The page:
In 2019, Solano feasted on fastballs, putting up a crazy .391 wOBA and xwOBA of .366. However, those numbers regressed to .317 and .304, respectively in 2020. Furthermore, the percentage of pitches he saw in 2020 that were fastballs dropped 5 percent, and he just wasn’t as effective against the pitch in general. He whiffed 3.1 percent more against the pitch and was put away 6.9 percent more on the fastball in 2020. It will be interesting to see if this regression will continue on this pitch in 2021. However, Solano may be able to handle slight regression in regard to his hitting against fastballs if he continues to be effective against secondary pitches like he was in 2020.
Solano is pretty much a “one-tool” player, as he will need to continue to hit for high average to be a viable option for the Giants at second base going forward. He’s averaging roughly a .132 ISO (isolated slugging) as a Giant, which is a vast improvement from his Marlins days, where his average ISO in Miami was .069. However, Solano isn’t seeing a tick in slugging due to smashing balls out of the park. Rather, he has mostly improved his ISO numbers on extending line drive batted balls into extra-base hits in a spacious place like Oracle Park, like the hit below:
Nonetheless, while Solano’s approach seems to be working in San Francisco, if he doesn’t hit, it’s likely that his tenure with the Giants won’t last much longer. Solano does not offer much speed (he ranks in the 43rd percentile in terms of sprint speed, according to Baseball Savant) and his defense is pretty questionable as well (he ranked in the bottom 6th percentile in Savant’s Outs Above Average metric). While the are no Top 30 prospects lingering in the upper minors that could take Solano’s spot if he struggles, the Giants could move Dubon back to second, since that his natural position. That pressure could also be amplified if the Giants acquire a free agent outfielder, which seems possible since the Giants have been connected to free-agent outfielder Marcell Ozuna this Winter.
One knock against Solano will be his abnormally high BABIP (batting average of balls in play) numbers the past two seasons in San Francisco, as he posted a .409 BABIP in 2019 and a .396 BABIP last year. The automatic assumption would be that Solano is due for a regression in BABIP, especially since he has been averaging a BABIP over 100 points higher than the league average the past two seasons. That being said, Andrew Krutz of Pitcher List examined BABIP and xBA (expected batting average) and found that xBA may be a better indicator of projecting performance than BABIP. He points out Solano as an example of this in the quote below:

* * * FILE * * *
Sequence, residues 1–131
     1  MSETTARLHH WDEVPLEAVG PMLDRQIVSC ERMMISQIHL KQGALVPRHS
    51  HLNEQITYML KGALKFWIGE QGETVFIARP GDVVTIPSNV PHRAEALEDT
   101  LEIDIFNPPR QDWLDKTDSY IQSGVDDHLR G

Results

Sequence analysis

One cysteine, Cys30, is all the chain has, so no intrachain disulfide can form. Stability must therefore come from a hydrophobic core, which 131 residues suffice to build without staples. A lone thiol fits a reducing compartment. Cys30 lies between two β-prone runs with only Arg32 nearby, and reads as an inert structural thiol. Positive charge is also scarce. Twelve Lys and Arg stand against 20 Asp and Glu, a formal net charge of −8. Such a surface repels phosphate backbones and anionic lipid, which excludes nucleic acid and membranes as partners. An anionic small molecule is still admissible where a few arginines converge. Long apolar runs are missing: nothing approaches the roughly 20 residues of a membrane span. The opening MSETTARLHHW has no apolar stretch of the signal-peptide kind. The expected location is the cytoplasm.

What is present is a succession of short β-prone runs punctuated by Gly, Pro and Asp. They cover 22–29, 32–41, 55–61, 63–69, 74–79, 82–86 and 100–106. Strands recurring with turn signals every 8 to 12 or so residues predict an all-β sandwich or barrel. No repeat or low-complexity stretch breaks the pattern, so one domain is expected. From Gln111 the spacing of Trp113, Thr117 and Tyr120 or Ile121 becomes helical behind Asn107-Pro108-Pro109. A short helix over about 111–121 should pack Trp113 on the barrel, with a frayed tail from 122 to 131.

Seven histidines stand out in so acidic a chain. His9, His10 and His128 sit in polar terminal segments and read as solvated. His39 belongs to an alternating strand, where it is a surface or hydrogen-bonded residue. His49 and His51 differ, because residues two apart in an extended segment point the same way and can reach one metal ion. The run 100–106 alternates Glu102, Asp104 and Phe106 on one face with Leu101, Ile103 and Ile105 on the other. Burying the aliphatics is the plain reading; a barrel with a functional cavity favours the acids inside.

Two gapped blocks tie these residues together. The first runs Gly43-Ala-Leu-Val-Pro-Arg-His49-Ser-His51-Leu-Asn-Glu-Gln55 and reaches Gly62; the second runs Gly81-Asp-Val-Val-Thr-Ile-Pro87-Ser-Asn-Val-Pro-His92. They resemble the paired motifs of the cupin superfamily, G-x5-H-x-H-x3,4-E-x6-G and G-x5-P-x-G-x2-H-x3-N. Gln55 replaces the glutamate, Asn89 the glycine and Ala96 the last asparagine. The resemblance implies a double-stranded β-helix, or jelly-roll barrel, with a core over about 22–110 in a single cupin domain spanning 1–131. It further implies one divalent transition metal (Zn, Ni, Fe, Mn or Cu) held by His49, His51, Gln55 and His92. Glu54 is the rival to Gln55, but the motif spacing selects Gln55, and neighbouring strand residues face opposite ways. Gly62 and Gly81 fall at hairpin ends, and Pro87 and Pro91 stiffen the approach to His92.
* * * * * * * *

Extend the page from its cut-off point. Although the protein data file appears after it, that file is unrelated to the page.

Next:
“Solano had a fantastic 2020 season. He finished 11th among qualified hitters with an AVG of .321. However, he finished 2nd with a .396 BABIP. So he must have been very fortunate right? Well, he finished in the 81st percentile with a .281 xBA. In 2019 he may have flown under the radar some with only 228 PA, but he finished with a .409 BABIP, .330 BA, and .321 xBA. This suggests that while a BA drop can be expected, it may not be a significant one. If we had just looked at his BABIP we might have assumed a significant BA reduction was in order.”
“BABIP vs. Expected Stats” by Andrew Krutz; Pitcher List.com
Solano will certainly be under the microscope in 2021, and he is truly atypical from most middle infielders in the sense that most of, if not all, of his value, comes from his ability to hit for a high average (which in turn, makes his hold of a starting position so volatile). There are certainly question marks about Solano’s approach and profile, especially since most players don’t “break out” in their age 31 and 32 seasons. However, there are some promising signs in his metrics that show that he has been improving his approach (launch angle, hitting against secondary pitches, etc.), which could bode good things for Solano and Giants fans next season.
That being said, Giants fans should seriously consider changing the nickname “Donnie Barrels”…
It would be akin to calling Barry Bonds “Barry Bunts”, honestly.
Photo by Andy Lewis/Icon Sportswire | Adapted by Doug Carlin (@Bdougals on Twitter)